Words of love and words of anger
Times of peace and times of danger
Never take for granted what we’ve got”

— “So Good To Me”

Described as “terse, clear and heartfelt” (NPR Fresh Air), his songs speak to timeless truths. “I’m not an innovator. I’m more of a keeper of the flame,” he says.

“Songs are so accessible. You don’t need an education to fully appreciate them, you don’t need a lot of leisure time to spend on them, you don’t need to learn the language of song. We seem to be born with it,” Cleaves explains. “With no preparation at all, they can bring you to tears in a matter of seconds. I remember being three or four and getting a lump in my throat when I heard Hank Williams sing.”

Now in his fifties, Cleaves admits that it’s sometimes hard to stay inspired. “I do become jaded,” he says. “I wonder that, at this point in my career, I’ve had no real national success. No impact on the culture, as my heroes had. The music that I love just doesn’t seem relevant to mainstream culture. But then, I have no interest in what mainstream culture offers either.”

“But those feelings are always quickly overcome by gratitude,” he explains. “I’m making a living as a musician, and making a meaningful connection with people – what could be better than that?”

Ghost on the Car Radio is Cleaves’ first release since 2013’s Still Fighting the War, which was praised as “one of the year’s best albums” by American Songwriter and “carefully crafted…songs about the struggles of the heart in hard times” by the Wall Street Journal. The New York Daily News called his music “a treasure hidden in plain sight,” while the Austin Chronicle declared, “there are few contemporaries that compare. He’s become a master craftsman on the order of Guy Clark and John Prine.”

The music of Austin-based singer/songwriter and guitarist Slaid Cleaves is rooted in country and traditional folk songs, but it is unusual enough to have held interest in a sea of singer/songwriters across the 1990s, 2000s, and 2010s. While he released a handful of recordings during the early ’90s, he gained significant notice with No Angel Knows, which was released on Rounder’s Philo subsidiary in 1997. Joined by former Lucinda Williams guitarist Gurf Morlix, Cleaves combined his passion for folk songs, blues, and traditional country music into an amalgamation of styles known as Americana. Not surprisingly, the album rode high into the charts at Americana-formatted radio stations around the U.S. and Canada in 1997. The release set the tone for the rest of his career.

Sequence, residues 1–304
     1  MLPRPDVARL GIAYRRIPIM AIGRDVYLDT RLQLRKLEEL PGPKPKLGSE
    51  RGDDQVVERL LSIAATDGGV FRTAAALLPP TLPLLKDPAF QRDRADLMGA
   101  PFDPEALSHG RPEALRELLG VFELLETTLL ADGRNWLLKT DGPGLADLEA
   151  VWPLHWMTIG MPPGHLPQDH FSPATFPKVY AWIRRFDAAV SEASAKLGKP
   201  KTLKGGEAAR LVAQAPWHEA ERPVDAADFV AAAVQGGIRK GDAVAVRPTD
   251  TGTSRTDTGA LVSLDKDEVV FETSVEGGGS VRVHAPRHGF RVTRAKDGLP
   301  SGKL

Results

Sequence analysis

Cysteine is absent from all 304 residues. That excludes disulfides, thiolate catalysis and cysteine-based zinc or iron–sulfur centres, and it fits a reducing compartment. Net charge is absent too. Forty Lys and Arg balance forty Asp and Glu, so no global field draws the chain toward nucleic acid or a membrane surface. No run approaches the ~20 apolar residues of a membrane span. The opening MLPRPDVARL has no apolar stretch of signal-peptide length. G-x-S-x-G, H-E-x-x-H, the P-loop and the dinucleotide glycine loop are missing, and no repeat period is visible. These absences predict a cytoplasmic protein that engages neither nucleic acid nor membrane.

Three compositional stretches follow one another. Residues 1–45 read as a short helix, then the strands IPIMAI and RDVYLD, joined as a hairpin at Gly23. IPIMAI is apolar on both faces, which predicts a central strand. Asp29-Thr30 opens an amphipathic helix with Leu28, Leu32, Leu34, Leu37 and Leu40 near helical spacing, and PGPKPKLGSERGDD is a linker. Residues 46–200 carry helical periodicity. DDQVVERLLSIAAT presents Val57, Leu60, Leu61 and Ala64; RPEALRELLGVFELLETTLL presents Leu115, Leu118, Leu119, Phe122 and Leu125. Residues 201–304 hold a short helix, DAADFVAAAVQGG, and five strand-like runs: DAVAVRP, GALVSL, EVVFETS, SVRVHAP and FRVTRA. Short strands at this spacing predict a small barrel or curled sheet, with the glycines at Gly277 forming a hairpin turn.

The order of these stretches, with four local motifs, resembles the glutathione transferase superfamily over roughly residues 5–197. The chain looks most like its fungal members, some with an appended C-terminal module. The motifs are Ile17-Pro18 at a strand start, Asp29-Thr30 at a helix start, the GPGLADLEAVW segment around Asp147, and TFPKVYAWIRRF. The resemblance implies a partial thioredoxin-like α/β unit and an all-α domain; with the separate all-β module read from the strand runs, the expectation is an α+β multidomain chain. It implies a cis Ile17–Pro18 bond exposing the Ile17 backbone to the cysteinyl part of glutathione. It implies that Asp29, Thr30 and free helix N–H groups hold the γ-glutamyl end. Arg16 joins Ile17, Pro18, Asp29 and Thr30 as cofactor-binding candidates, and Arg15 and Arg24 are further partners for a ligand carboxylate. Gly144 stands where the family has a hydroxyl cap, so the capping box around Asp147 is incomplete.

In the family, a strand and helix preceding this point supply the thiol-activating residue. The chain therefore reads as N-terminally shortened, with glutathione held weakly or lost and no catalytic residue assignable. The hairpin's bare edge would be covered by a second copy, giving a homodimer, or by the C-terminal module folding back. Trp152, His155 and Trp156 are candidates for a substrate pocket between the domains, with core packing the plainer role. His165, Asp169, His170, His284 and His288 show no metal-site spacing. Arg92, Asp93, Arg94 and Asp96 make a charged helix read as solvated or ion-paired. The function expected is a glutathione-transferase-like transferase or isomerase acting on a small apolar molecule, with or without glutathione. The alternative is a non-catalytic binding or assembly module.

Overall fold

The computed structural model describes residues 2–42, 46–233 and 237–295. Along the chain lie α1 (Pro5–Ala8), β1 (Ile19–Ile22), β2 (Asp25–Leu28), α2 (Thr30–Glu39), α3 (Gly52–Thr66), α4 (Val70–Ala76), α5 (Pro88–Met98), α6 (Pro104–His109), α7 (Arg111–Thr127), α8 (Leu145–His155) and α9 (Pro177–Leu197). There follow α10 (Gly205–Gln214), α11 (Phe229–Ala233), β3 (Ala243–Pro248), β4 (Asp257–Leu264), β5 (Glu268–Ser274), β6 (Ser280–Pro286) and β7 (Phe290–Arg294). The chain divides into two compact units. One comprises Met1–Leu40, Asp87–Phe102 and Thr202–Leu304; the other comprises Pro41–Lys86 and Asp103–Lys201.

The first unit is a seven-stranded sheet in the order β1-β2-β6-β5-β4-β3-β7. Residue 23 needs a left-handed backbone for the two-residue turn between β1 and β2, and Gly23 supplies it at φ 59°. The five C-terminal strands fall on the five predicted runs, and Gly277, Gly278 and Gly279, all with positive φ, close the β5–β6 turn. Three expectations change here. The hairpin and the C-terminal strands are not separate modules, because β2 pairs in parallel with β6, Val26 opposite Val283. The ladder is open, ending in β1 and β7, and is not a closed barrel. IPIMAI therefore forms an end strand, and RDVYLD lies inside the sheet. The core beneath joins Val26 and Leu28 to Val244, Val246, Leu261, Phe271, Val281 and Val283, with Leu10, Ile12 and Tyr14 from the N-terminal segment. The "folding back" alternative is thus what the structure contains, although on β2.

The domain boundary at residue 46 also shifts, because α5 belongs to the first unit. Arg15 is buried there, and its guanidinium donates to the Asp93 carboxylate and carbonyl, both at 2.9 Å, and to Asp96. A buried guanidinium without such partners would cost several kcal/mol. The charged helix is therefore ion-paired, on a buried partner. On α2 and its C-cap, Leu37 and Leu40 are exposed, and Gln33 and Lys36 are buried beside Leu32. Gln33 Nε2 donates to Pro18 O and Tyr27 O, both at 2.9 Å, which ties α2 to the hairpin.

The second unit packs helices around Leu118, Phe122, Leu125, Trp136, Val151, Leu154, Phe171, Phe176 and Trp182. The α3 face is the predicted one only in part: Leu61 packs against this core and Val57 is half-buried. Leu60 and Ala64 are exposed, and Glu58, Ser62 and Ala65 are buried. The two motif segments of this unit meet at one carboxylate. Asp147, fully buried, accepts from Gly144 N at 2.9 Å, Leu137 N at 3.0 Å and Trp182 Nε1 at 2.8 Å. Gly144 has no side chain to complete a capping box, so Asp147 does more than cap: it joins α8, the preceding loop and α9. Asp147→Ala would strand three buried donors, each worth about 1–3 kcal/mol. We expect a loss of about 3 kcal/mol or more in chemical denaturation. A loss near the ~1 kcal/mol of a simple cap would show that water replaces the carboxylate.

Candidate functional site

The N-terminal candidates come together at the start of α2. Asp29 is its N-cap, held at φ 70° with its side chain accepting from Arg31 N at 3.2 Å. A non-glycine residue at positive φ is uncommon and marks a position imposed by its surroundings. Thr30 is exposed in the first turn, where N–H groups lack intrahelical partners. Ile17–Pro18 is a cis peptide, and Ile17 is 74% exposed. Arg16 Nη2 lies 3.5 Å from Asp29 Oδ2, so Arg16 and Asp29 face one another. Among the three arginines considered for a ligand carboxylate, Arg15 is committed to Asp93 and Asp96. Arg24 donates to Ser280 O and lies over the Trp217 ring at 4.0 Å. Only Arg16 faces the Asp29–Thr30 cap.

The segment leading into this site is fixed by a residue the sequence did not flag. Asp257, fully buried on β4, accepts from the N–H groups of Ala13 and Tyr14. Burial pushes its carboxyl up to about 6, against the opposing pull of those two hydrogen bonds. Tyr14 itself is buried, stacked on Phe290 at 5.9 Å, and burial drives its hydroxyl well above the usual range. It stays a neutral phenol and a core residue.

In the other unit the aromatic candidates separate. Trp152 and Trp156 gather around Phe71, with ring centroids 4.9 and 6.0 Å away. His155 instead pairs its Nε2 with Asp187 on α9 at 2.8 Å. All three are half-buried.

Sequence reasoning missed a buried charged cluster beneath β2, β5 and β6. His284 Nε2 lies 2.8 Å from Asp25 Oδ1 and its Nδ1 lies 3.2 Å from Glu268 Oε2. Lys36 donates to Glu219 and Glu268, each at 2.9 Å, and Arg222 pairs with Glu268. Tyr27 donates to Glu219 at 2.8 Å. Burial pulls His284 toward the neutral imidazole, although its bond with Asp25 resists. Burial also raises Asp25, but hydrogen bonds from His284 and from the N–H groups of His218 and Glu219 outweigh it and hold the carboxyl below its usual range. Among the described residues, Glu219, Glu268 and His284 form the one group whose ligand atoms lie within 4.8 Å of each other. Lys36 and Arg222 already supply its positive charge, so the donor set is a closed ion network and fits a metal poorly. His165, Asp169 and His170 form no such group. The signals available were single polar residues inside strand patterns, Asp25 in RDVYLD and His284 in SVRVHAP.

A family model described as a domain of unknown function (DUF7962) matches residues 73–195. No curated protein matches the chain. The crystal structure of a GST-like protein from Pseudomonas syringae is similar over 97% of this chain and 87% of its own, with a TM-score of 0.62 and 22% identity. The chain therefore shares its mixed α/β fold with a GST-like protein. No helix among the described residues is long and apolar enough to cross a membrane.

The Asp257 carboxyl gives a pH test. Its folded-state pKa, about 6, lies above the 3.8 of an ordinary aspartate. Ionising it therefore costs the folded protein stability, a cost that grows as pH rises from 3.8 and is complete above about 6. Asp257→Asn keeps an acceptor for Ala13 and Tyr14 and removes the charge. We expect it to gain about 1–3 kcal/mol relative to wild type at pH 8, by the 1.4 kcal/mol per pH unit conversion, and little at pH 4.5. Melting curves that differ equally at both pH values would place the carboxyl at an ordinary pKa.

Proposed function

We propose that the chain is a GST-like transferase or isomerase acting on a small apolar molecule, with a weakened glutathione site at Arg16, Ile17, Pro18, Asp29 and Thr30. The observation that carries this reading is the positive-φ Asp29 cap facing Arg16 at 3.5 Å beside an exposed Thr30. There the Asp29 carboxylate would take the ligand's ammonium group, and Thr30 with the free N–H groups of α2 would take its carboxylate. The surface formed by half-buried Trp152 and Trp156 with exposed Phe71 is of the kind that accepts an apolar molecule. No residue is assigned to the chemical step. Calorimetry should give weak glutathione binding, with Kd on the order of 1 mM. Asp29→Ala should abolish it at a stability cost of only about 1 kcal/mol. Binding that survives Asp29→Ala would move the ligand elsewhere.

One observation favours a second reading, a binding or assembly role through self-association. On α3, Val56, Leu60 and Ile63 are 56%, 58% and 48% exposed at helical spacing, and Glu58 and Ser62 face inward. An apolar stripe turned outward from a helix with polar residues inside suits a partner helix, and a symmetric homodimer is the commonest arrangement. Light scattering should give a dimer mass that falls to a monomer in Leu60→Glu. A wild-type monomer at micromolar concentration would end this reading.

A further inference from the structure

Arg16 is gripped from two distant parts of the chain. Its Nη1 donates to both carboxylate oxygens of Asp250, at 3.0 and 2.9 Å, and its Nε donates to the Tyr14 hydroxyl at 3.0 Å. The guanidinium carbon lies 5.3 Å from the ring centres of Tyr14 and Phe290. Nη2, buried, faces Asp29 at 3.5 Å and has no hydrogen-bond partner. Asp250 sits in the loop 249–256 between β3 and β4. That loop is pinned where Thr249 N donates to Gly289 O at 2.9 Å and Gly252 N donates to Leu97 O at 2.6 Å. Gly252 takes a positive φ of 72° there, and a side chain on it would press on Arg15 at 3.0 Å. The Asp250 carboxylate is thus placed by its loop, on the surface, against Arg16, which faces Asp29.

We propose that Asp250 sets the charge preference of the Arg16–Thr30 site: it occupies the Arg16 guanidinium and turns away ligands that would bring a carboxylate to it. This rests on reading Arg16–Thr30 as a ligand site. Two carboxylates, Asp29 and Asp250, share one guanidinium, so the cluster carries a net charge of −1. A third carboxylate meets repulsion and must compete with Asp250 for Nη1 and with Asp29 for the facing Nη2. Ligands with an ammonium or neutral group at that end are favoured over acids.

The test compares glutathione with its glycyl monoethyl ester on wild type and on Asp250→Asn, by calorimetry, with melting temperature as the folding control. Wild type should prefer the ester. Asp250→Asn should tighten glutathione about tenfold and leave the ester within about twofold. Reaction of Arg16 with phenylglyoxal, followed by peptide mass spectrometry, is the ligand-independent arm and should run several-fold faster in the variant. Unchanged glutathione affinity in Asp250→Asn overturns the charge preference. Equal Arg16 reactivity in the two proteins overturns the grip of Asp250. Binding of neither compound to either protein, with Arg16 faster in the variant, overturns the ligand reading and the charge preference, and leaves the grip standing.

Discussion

Prior to entering the music industry, Cleaves majored in English and philosophy at Tufts University in his native New England, and began playing music in garage rock bands while still in high school. While in college, he learned guitar, and later spent a summer in Ireland. He began busking on the streets in Cork, and that was the turning point when he decided to become a folksinger. At Tufts, he developed his guitar skills and studied the music of Woody Guthrie and Bruce Springsteen. He recalled that he had listened to the music of Guthrie, Carl Perkins, and Hank Williams as a child, so he went back into his parents’ attic to discover a treasure trove of albums.

After many years in Portland, Maine, he sought new mountains to climb, and found some of them after moving to Austin, Texas, in 1992. Despite the echelon of great singer/songwriters like Jimmie Dale Gilmore, Lucinda Williams, Robert Earl Keen, Guy Clark, and Joe Ely all centered around the Austin scene, Cleaves was able to make a name for himself there. In 1995, he recorded an independent album for Rock Bottom Records entitled Life’s Other Side. In 1996, he began his collaboration with Morlix, who liked Cleaves’ demo tape and ended up serving as producer for 1997’s No Angel Knows.